"I do not do it. I cannot restrain the pug alone." The husband said he would help out.

I sat on the chair and palpated the standing pug's bladder with my left hand. The bladder was full of urine. This was already 10.30 a.m.

"Did the pug pass urine after waking up?" I asked.

"This pug has a very bad habit. Always holding her urine for a long time. She will leak the urine a bit but will not pass urine regularly."

I said, "Most likely she felt pain when trying to pass urine. She passed a bit. I was painful. She stopped passing. So she hold her urine till the bladder becomes very full. Bladder stones form when the urine is not passed out regularly."

Is this a plausible explanation to the owners? If only pugs could talk.

"Is she leaking urine many times a day?" I asked.

"Not in the last 2 days," the lady said. Now there was urinary incontinence as well as urinary retention. What type of urinary incontinence is this pug suffering from?
There are a few classifications of urinary incontinence in veterinary medicine. I narrow down to two classes - paradoxical incontinence and hormone-related incontinence. Was the pug suffering from one or both?

Hormone-related incontinence happens to spayed dogs. Once the hormones are removed during spay or neuter, some dogs in the older age can't control their bladder. Replacement hormones help to solve this problem.

Now what is paradoxical incontinence? Is this pug suffering from paradoxical incontinence? In this situation, she might have bladder sand or small stones obstructing the urethra. So she could not urinate regularly until the obstruction is cleared. She leaked some urine. When the obstruction is cleared by the passage of the sand or small stones, she could pass out all the urine at one go, as had happened when she was outside the surgery for around one hour. That was how I managed to use the dipstick (picture) to test for blood in the urine.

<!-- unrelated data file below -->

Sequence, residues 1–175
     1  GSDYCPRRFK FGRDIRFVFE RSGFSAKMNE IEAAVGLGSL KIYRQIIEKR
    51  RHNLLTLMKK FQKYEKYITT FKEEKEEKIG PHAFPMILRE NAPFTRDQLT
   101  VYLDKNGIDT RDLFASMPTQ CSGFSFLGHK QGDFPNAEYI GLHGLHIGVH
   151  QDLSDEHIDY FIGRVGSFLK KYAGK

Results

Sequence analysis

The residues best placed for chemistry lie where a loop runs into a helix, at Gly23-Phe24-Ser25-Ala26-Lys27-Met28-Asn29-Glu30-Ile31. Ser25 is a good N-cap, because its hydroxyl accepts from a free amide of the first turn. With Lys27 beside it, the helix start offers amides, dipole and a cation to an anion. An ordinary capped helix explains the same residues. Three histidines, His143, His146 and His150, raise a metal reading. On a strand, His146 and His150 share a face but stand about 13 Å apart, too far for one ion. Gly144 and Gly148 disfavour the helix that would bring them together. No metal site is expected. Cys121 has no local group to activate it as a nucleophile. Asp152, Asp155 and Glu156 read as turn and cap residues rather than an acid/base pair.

After the pug had urinated, I palpated her bladder. Her bladder was now very small, around 3.5 cm in diameter. The bladder wall felt thickened. There were no single large stone, so I asked the owner to wait for 2 weeks.

It would be good to X-ray the bladder but it costs the owner money. The X-ray ought to be done with air pumped into the bladder and this involved extra cost. Urinary tract infection treatment require several consultations and the vet cost can shoot up.

Blood tests ought to be done too but they must be useful to the owner as the costs add up again.

So, in the meantime, I advised the owner to switch to a prescription diet which may dissolve the fine bladder sand. Pugs as a breed are not known to suffer from urinary stones, unlike the Miniature Schnauzer, Lhasa Apso, Dalmatians, Poodles and the Bischon Frise.

It is possible that the pug had very itchy vulva after spay. She licked the area till it became black and dirty. Bacteria went into the vagina and the urethra into the bladder over the past 3 years. Bladder became chronic cystitis. By the 3rd year, blood in the urine and then bloody tissues in the urine as the bacteria had accumulated without the owner being aware of the problem.

A clue from the lady was that the pug was "naughty and would always control her urine till her bladder was full and she would pass out a lot of urine."

Many of the urinary incontinent cases needed reviews and many Singapore owners just do not have the time or inclination to do it. In this case, a few follow ups may be necessary. This pug had been licking her front paws till they became black.

Coincidentally, 2 weeks ago, the Seller came with her pugs for the annual vaccination after receiving a vaccination reminder card from me. Her pugs had black crocodile-skin front legs like this pug.

So there seemed to be a connection somewhere from parents to progeny. If the vet can find a solution to control this pruritus - of the fore limb or vulva - the vet will be considered a "competent" vet by the owner!

The pug will be reviewed for a few times if the owners want to.

The lady was persuaded to collect urine for examination 2 weeks later and I gave her a bottle to do it. Thorough cleaning of the vulval area and wearing of the e-collar for at least 1 month.

A prescription Hill's Science diet will be fed for 1-2 months to dissolve the bladder sand which may be present. Only in 2-3 months will we know the result of the proposed treatment.

Many owners want a one treatment cure all but this is not possible in many cases of chronic urinary tract infection in a female spayed dog.

is a very good report on urinary problems in the dog.

No comments: